"THE DEFENDANT: I thought that I let that be known yesterday in Court, Your Honor.
* * * * * *
"THE COURT: * * * I have been in the legal profession for many, many years — and I have known Mr. Helm for many, many years. I have seen him handle many, many hopeless cases and have seen him win them — but your interrupting out there — and wanting to be heard — isn't going to make a favorable impression on this jury.
Mr. Helm knows what he is doing, and —
"MR. KATES: (Interrupting) So do I.
"THE COURT: * * *
Now, if you don't want to consent to Mr. Helm representing you, and proceeding with this case, without further interruption from you, I will then give you the choice of permitting Mr. Helm to retire as your attorney, and you can act as your own attorney.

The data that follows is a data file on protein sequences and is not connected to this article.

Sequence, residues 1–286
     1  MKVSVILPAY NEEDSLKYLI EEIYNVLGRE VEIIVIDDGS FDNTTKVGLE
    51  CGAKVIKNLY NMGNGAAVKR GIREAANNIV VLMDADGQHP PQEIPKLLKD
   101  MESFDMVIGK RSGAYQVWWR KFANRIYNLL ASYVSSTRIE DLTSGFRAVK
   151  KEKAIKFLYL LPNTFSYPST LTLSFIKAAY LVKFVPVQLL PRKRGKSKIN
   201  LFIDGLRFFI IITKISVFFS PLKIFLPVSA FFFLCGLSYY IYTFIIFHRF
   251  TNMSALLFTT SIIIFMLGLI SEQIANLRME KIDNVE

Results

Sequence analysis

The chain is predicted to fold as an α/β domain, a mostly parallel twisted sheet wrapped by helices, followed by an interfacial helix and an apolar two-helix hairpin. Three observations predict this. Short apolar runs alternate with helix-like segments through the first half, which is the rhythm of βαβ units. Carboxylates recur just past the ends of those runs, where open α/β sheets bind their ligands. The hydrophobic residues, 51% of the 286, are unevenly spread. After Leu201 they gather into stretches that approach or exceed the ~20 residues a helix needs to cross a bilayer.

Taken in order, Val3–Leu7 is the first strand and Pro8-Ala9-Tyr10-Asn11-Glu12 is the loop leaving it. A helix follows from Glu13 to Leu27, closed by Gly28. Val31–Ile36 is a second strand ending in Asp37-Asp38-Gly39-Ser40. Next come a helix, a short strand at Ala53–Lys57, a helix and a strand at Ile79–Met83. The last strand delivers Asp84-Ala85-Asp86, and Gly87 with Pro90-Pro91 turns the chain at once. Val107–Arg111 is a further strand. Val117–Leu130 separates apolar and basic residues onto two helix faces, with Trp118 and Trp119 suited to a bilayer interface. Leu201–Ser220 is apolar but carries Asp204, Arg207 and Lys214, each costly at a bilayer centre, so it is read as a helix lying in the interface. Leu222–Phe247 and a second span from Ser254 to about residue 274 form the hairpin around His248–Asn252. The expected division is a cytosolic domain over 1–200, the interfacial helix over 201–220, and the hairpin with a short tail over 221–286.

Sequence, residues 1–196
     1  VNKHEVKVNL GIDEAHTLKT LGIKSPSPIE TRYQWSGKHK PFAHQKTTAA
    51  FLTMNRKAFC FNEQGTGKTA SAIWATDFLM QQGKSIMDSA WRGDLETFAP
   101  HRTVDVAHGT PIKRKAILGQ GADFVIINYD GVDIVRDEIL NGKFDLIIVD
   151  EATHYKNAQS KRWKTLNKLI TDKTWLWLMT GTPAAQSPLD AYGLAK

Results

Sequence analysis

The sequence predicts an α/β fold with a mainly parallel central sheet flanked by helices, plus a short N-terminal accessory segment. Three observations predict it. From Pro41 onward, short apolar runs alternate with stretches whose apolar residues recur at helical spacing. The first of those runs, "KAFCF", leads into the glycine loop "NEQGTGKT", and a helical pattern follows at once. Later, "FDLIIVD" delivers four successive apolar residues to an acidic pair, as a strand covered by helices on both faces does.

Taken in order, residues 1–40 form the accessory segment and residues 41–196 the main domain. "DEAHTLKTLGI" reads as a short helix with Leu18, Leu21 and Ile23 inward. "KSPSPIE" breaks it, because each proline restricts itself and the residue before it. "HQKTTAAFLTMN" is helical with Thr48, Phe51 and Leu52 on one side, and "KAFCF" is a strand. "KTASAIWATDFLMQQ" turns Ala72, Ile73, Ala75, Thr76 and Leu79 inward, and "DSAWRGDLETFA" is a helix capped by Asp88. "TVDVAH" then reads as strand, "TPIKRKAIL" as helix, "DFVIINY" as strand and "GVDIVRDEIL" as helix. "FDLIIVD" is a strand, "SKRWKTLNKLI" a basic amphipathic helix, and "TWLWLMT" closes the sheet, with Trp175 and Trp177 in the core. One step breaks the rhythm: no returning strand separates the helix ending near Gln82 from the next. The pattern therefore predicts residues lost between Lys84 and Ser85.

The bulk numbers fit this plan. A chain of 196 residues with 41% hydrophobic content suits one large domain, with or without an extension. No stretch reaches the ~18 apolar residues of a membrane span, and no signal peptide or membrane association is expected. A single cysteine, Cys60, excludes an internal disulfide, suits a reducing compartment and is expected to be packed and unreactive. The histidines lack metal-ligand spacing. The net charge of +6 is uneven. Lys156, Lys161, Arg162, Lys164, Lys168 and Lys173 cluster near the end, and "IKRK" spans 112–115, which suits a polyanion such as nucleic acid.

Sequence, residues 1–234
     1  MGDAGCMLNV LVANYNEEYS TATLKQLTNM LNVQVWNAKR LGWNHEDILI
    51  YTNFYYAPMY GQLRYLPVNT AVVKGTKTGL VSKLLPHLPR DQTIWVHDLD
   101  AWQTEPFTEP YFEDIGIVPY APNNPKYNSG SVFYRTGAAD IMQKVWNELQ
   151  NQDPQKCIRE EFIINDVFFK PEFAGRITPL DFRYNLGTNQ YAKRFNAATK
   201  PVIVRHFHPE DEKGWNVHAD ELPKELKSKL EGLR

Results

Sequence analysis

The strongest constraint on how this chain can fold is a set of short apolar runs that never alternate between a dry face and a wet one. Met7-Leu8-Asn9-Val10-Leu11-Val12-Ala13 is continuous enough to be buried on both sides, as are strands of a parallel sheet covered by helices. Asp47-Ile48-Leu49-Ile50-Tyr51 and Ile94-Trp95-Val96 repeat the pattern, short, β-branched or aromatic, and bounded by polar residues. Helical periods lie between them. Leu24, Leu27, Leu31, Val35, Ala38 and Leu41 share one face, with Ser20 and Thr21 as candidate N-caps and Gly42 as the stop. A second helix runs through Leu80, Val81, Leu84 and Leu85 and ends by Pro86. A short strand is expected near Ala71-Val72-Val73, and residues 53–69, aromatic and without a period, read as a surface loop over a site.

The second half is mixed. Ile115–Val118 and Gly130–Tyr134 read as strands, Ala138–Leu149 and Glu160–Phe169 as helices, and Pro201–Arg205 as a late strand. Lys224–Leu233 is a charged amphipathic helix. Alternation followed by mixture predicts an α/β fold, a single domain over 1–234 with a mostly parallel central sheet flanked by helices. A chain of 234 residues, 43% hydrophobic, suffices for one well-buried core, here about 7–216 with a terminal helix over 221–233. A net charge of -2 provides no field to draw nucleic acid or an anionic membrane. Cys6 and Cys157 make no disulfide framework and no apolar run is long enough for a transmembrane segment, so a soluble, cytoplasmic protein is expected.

Do you wish to do this, Mr. Kates?
"THE DEFENDANT: Well, I told him yesterday — that there wasn't anything that he said that was just right there — the way I wanted him to cross-examine the witness.
"THE COURT: Just a second, now. How much experience do you have, Mr. Kates?
"THE DEFENDANT: I have none, Your Honor.
"THE COURT: Well, then, let him do it; let him handle your case.
"THE DEFENDANT: But I have judgment — I have common sense.
"THE COURT: Well, if you feel your judgment and common sense is better than a man who has had years of experience in the law —
"THE DEFENDANT: He is not the one that is going to prison. * * *
* * * * * *